Morning Star of the Reformationby Andy Thomson, Andy Thomspon, Mark Sidwell (Editor)
When young John of Wyoliffe arrives at Oxford University, he finds it a fascinating and perilous place. With his friend, Sebastian Ayleton, John experiences the terrible plague calted the "Pestilence" (the Black Death), and he becomes involved in clashes between university factions as well as riots among the townspeople. Whenever he can find time away from his studies, John's favorite place is the inn of the Kicking Pony. There he and his companions discuss the political and religious issues of the day, and it is with his friends that he first shares his growing vision of an English Bible for all Englishmen to read. In the darkness of medieval England John's pursuit of truth gleams like a solitary star the morning star that promises the sunrise to come. He paved the way for the theologians of the next century and opened hearts in preparation for the great Reformation itself.
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One area in which the presentation of history in modern public schools has failed is in giving credit where credit is due for many of the foundational concepts in our Western Civilization to great religious leaders and movements. The humanists, evolutionists, and atheists who are in control of our educational system want to move our society as far away from the Judaeo-Christian tradition as possible. One way to help remedy this situation is by good historical fiction. Louise Vernon has written some excellent "Religious Heritage Juveniles." Dave and Neta Jackson have some similar books in their "Trailblazer" series, although so many of them focus more upon strictly "religious" concepts rather than how those concepts played a role in the development of Western Culture. Bob Jones University Press has republished Scott O'Dell's wonderful book based on the life of William Tyndale, The Hawk That Dare Not Hunt By Day, and has now published this book on Tyndale's predecessor, John Wycliffe, who lived in fourteenth century England. The life story of John Wycliffe is told by the fictional son of a fictional friend in a very interesting and readable fashion. The truth is that many of the freedoms that developed in England and which influenced our founding fathers were spurred on by first Wycliffe and then Tyndale as they fought against the absolute and stifling control of the medieval Catholic hierarchy in their attempt to provide the Bible in the language of the common people. Recognizing that such men were coming out of long-held error and reached their conclusions slowly, we do not always have to agree with everything that they said to appreciate the role that they played in history. My friend and college professor Ferrell Jenkins once said that he includes these individuals in his thinking when he sings "Faith of Our Fathers." I highly recommend this book.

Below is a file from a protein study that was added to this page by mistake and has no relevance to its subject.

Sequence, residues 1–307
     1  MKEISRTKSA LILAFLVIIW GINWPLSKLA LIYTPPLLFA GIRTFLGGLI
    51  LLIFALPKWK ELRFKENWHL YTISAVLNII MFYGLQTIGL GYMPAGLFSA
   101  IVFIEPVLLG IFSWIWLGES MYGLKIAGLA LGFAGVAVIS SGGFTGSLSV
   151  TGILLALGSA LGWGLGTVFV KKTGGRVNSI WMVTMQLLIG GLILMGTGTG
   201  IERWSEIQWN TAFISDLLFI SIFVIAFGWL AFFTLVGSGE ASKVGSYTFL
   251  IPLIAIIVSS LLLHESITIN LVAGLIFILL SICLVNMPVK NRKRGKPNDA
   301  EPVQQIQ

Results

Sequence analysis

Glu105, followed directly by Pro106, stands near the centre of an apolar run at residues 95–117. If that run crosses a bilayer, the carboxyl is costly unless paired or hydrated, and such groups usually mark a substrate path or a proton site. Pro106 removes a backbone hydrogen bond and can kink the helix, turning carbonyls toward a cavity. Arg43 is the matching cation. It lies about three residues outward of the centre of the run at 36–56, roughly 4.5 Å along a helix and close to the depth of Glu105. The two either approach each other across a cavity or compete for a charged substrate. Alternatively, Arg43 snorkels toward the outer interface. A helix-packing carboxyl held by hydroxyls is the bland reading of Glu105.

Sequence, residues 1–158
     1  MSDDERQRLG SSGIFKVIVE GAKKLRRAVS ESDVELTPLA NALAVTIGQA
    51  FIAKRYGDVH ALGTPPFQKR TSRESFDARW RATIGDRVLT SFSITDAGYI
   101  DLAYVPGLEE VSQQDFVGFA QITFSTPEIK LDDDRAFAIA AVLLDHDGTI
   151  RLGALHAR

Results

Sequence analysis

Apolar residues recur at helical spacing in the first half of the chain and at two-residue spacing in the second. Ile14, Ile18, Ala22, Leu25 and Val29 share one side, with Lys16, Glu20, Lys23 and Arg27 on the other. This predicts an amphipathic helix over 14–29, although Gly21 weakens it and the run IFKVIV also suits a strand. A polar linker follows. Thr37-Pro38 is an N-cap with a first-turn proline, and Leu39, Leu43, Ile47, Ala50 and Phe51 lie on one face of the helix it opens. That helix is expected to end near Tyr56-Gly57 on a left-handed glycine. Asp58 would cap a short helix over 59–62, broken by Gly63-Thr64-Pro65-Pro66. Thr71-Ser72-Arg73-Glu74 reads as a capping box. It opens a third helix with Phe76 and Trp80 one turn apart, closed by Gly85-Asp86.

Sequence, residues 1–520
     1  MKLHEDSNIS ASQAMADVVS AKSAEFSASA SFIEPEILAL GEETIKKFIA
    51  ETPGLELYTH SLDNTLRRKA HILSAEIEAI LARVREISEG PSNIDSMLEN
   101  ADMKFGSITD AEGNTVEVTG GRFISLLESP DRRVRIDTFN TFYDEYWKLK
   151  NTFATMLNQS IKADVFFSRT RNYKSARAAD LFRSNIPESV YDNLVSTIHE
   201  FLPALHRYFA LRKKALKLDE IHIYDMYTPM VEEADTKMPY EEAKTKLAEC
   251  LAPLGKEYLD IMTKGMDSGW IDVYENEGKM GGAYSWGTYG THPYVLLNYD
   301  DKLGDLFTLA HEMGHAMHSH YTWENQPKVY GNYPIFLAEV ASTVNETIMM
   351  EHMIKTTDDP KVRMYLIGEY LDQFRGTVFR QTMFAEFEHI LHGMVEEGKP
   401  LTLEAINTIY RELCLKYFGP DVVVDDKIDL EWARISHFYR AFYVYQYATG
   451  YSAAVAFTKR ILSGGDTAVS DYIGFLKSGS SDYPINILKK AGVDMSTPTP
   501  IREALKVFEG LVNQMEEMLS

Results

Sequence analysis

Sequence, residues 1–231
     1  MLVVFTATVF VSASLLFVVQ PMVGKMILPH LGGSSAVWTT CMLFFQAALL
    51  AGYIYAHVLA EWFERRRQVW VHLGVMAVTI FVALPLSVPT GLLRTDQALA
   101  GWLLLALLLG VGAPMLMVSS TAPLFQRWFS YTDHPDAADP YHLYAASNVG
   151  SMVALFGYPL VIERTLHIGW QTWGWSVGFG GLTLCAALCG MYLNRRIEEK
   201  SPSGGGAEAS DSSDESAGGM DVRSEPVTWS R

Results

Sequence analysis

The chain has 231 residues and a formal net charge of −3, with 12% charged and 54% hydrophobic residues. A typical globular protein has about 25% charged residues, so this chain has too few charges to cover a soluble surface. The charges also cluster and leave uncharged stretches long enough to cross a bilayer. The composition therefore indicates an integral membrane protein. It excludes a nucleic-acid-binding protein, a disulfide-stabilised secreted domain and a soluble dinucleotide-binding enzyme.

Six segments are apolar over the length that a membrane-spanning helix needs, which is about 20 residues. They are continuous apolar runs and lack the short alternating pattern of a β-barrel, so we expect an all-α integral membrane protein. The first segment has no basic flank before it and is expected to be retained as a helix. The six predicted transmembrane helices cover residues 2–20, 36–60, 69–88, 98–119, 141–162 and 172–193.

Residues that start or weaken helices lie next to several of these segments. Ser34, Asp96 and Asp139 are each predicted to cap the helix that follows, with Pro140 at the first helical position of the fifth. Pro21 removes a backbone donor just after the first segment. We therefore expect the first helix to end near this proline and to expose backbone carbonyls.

This is not a hard read, and it is short. I love it though, and there are lines in this book that I have written into my collection of quotes. I love history told as a story. It is good for adolescents but an enjoyable and touching piece for adults too. I was a teenager when I read it for school, and as a 22 year old I proudly shelve it amongst my other favorites. READ IT! :D Although not in the BN.com archives, "Martin Luther" by Edwin Booth is worth a read too, although I would not place it on the same level as this one.